It takes more than protests to drive change (via Stanford) — Those large-scale protests on everything from climate change to wealth inequality make for engaging news segments. But do they result in real change? Social advocacy organisations have greater impact on federal legislation when their experts get to testify. 

Until next time, thanks for taking the time to check out this issue of Digital Coffee.

“Be a voice, not an echo” — Unknown

Digital Coffee (Free) #11 — Asia’s future, how Netflix works, and part two of the health series

Good morning — I hope you all smashed your goals this week 📈

Jumping straight in, would you listen to an audio version of this newsletter? Now that I’ve hit my goal of sending out 10 newsletters (and will continue too send) — I wanted to add something more. Let me know either by replying to this mail or writing a comment.

P.S. if you’ve been forwarded this email or you’re new around here; I thought I’d post up my bio, so you know who’s writing...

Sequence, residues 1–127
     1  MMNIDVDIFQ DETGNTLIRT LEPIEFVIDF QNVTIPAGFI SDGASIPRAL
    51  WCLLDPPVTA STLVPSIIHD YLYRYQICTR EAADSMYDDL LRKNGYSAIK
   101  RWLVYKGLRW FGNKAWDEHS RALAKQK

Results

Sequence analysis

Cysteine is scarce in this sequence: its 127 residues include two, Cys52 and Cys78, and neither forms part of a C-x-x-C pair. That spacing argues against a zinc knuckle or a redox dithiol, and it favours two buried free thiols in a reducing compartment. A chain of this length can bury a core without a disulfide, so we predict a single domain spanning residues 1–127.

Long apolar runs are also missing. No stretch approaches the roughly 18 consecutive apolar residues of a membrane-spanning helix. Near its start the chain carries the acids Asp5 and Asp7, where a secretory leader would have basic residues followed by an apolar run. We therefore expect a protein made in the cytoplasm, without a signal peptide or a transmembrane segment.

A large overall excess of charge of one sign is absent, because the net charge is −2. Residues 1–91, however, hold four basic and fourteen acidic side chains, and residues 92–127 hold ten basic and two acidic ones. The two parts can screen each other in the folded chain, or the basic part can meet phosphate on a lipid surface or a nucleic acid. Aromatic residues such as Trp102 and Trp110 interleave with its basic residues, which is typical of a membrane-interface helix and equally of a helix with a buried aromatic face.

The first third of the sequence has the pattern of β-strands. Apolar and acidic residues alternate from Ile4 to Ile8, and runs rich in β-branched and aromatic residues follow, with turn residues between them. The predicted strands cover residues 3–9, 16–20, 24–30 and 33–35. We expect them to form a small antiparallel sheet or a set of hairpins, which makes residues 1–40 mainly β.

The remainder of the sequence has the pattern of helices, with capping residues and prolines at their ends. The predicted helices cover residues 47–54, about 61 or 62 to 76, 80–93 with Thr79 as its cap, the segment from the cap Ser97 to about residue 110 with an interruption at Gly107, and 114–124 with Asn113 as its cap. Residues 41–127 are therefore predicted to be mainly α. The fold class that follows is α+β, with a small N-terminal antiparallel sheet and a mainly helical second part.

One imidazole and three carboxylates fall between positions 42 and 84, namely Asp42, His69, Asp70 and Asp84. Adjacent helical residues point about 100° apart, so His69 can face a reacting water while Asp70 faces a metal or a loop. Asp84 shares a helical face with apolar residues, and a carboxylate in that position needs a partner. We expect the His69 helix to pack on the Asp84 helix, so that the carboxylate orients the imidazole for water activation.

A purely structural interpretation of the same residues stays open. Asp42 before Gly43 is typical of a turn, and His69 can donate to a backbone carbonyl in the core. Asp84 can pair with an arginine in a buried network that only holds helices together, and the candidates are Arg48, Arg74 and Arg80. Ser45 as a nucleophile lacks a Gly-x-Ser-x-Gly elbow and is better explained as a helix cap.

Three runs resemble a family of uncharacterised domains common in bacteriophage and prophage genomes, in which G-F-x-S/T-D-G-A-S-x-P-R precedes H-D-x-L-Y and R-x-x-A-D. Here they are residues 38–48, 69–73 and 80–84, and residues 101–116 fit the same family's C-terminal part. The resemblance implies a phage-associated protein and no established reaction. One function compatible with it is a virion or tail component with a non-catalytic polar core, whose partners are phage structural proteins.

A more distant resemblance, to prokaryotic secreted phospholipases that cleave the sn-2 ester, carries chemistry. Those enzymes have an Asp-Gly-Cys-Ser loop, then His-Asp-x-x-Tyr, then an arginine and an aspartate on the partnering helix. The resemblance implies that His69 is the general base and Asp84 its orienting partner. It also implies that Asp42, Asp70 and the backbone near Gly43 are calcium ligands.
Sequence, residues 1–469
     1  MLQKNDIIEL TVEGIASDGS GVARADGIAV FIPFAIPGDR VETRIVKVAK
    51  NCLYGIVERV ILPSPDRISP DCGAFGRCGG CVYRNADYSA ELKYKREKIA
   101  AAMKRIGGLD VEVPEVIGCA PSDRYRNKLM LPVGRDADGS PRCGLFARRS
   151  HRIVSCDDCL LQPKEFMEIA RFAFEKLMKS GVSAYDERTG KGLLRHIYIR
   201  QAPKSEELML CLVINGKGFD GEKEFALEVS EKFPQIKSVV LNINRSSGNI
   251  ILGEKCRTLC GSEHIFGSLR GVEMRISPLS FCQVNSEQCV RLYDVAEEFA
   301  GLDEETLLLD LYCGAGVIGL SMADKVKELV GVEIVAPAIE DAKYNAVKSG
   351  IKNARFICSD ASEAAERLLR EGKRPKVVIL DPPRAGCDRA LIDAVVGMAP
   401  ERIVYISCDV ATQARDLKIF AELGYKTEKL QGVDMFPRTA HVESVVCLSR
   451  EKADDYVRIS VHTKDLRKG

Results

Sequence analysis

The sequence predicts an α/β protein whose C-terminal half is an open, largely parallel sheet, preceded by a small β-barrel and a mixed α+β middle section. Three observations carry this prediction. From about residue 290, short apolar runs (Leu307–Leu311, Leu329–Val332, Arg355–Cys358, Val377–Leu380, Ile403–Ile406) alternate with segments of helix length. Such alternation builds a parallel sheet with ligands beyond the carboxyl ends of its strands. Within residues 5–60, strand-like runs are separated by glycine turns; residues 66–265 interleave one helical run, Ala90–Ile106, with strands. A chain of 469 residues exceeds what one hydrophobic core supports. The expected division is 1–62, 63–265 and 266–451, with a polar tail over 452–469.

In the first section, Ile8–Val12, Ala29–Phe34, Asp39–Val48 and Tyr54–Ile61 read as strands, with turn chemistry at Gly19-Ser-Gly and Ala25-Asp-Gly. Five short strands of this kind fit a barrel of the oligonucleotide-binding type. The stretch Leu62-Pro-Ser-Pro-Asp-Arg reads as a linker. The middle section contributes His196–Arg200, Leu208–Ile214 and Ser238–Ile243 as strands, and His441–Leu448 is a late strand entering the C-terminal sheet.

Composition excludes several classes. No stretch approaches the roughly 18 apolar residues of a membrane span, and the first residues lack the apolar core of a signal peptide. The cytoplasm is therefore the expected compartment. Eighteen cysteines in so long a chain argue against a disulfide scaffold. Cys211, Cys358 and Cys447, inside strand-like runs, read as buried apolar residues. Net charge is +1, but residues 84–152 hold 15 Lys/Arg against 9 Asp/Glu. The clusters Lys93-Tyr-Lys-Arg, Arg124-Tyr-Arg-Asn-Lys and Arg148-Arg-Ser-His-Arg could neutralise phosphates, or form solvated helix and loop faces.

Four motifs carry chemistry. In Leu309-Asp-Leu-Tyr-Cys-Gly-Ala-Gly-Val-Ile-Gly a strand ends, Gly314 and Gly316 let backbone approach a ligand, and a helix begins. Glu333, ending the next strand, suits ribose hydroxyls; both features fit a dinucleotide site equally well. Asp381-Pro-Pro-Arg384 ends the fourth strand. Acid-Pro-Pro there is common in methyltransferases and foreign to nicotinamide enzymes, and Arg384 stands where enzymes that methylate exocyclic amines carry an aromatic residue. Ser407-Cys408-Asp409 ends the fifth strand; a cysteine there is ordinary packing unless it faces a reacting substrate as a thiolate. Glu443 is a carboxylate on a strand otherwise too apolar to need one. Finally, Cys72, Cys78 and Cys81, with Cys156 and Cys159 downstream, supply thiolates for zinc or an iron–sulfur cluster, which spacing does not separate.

Scott (30) — currently Global Head of Product for Investments AI (Artificial Intelligence) at AIG, a machine learning focused team responsible for pioneering algorithms that both mitigate risk and generate returns within fixed income, equity and real estate markets. Assisting in the management of over $320 billion. Prior to this, I founded and managed a number of technology startups. The startups, both B2B and B2C, grew to generate millions of dollars in revenue each month. This included; CEO of miDrive (raised $10m), NED at Simba Sleep (raised $76m) and CPO of Livedrive (exited to j2 Global). In total, I've helped raise over $100m in funding - I'm also an advisor to EC1 Capital and Virgin StartUp. I was included in Forbes 30 Under 30 (Technology) in 2017, and authored a book "10 Minute Guide to Fundraising: Get Funding for your Startup" - available on Amazon